You Are The Final Product Of Your Ancestry

May 8, 2019
Biagio Santaniello

Biagio Santaniello

We are walking manifestations of our ancestors.  They all did their time on earth to get you to where you are now.  You are the collective versions of them; their physical DNA but also their behavioral makeup.

At a macro level, the human species has developed into walking creatures that have arms for holding weapons and gathering food.  But under a more refined scope, many of our behaviors, beliefs, and talents can be seen from the last couple of generations before us.

How many times have you been told that you talk just like one of your parents or perhaps you walk like your grandfather?

Many of our behaviors are influenced by the environment our ancestors live in.  Some families have been in the same location for many generations, and that place’s environment influences their actions.  For example, in Colombia, many people say that “there is always mañana (tomorrow),” which means that things can always be done the next day.  Fruits and vegetables grow year around, there are no time constraints, food will always be there.

In Ukraine, the harsh winters have historically forced people to preserve fruits and vegetables for the winter. The concept that “there is always mañana” does not work there.  The end result of this is people walk faster on the streets there’s more of an urgency with the seasons.

But behaviors are not only influenced by our natural environments.  Some behaviors are genetic memories that are passed on from generation to generation.

My mom’s “stylish” walk that I’ve adopted.

My mom’s “stylish” walk that I’ve adopted.

There was a famous study done involving rats and cherry blossoms.  Rats are naturally attracted to cherry blossoms, and scientists conducted an experiment during which whenever a rat would go towards the origin of the cherry blossom scent, they would electrocute the animal.  After about a few times, the rat finally learned that that smell brought pain, thus avoiding the cherry-blossom smell.

Interestingly, the rat pups and grandpups inherited the original rat’s same aversion to that cherry blossom scent.  More interestingly this aversion was found in two subsequent generations of rats who inherited that fear of cherry blossoms despite never having been electrocuted themselves.

Extending this experiment’s logic, we humans inherit some of our aversions and attractions.  It’s crazy to think that we may have a fear because our great grandmother may have developed that fear and it somehow exists within our current behavioral traits.

It makes sense.  We can inherit the color of our eyes, our voice, our height, and our smile.  I even inherited my mom’s bow-legged cowboy walk.  Is it really such a stretch to have inherited our ancestors’ experiences as well?

I learned through my upbringing to smash through the process, whatever that process  was.  To get through it as quickly as possible; it wasn’t to be enjoyed.  And it definitely wasn’t about the journey but the destination, but once the destination was reached a new destination immediately popped up and the cycle continued.  I’ve theoretically learned in my adult years that a better-lived life is more about the moment.  Rewiring that behavior inside of myself has taken a lot of work and is ongoing.

I don’t claim to be a scientist, behaviorist, genealogist or rat expert, but the older I get the more I believe this is exactly what happens; behaviors from generations before are operating us.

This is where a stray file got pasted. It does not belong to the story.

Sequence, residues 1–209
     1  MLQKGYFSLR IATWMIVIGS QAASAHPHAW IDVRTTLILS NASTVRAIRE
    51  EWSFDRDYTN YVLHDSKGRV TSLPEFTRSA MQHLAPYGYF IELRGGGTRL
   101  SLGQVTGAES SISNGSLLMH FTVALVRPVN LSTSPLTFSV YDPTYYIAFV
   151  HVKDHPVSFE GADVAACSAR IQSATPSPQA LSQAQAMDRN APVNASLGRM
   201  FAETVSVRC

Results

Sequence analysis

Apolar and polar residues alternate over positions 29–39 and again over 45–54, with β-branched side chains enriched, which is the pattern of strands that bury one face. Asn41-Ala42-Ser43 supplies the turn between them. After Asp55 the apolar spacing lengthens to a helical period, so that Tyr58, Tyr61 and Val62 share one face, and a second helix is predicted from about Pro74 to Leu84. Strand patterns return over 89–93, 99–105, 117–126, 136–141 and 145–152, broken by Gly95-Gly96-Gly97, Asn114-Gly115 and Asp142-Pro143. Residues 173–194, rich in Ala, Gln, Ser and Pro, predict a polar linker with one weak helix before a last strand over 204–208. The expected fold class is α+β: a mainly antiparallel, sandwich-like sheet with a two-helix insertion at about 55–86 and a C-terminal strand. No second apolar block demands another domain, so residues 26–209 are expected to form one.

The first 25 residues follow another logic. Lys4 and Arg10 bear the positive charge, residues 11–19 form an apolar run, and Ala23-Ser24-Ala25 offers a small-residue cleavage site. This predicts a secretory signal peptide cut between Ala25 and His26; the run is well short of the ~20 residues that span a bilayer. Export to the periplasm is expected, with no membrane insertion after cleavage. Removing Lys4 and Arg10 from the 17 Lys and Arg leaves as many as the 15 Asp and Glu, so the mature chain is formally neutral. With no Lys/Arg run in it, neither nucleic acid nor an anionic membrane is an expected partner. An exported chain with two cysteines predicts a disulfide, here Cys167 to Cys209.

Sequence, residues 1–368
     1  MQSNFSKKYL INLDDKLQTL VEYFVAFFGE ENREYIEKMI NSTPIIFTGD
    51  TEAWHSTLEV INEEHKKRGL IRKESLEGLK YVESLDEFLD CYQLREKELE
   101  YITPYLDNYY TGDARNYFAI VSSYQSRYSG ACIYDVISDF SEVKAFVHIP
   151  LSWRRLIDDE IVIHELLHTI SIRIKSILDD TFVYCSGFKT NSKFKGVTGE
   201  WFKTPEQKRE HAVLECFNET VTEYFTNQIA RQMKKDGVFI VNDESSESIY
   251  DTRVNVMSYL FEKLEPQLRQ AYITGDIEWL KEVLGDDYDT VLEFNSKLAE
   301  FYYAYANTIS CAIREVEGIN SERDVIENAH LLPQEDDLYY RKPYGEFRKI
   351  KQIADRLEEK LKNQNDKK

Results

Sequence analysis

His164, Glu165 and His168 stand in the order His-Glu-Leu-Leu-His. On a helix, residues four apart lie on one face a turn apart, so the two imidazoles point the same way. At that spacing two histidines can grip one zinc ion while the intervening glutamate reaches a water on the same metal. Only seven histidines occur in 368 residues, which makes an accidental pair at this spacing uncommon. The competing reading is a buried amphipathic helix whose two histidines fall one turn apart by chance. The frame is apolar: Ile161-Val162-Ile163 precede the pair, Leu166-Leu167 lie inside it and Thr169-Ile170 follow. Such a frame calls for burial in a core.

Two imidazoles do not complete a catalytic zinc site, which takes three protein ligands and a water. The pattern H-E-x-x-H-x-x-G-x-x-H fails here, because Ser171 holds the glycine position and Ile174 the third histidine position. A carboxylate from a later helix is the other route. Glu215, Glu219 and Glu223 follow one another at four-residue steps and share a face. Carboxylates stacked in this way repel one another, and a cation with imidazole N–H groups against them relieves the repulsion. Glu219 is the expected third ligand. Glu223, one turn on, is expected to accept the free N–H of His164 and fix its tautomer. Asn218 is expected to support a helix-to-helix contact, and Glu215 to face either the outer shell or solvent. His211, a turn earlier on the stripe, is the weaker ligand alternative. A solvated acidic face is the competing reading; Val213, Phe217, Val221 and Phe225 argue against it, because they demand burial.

A couple of weeks ago I was in Italy.  Outside of Naples was where part of  my family was from before they emigrated to America.

The name Santaniello (spelling was changed to Santenello in NYC) can be seen on locksmiths, clothing stores, bakeries, etc.  Not long ago my direct ancestors walked the same streets that I had walked on the trip, smelled the same salty ocean, and tasted the same kind of food that I did.

My ancestors, mere teenagers at the time, left Naples for America a little over 100 years ago with little life experience and no English language skills.  But there I stood in 2019 where they once stood.  It was surreal.  What was even more fantastic was meeting some of the town’s residents; there was one man in particular who stood out.

This man I met, Biagio, is seventy-two years old, but his spirit is much younger.  He’s owned the designer clothing store, Santaniello’s Clothing for over sixty years.

He donned clothes that matched his store’s high-end tastes—grey pressed trousers, a stylish silver watch, and a billowy, blue, tan, white, and yellow paisley scarf that stylishly came out of his navy sweater and brought his whole look together.

There was a connection with this man that I can’t quite explain.  Somehow, we knew that we were distant relatives.  Maybe it was our analogously sized foreheads.  Maybe it was our noses or our jawlines.  But more than that it was the behaviors…

As he showed me around his shop, I watched him move his hands.  They were my father’s hands, and they moved in the same way as his.  I can only explain the similarities by chalking them up to genetics and even genetic memories.  Knowing that we came from the same bloodline is something I can’t objectively prove but it’s something I felt.


So where are you from?  Do you know?  Do you know two or three generations back? By discovering this information, you might be able to figure out why you do some of the things that you do.  You may be able to observe and better understand some of the things that you like or dislike about yourself.  You might be able to break habits that you unknowingly inherited and just seemed to come naturally and are operating on  autopilot within you.

You are the end result of your ancestors.  If you haven’t already, it’s worth scratching the surface of your past to know more about your present and future.

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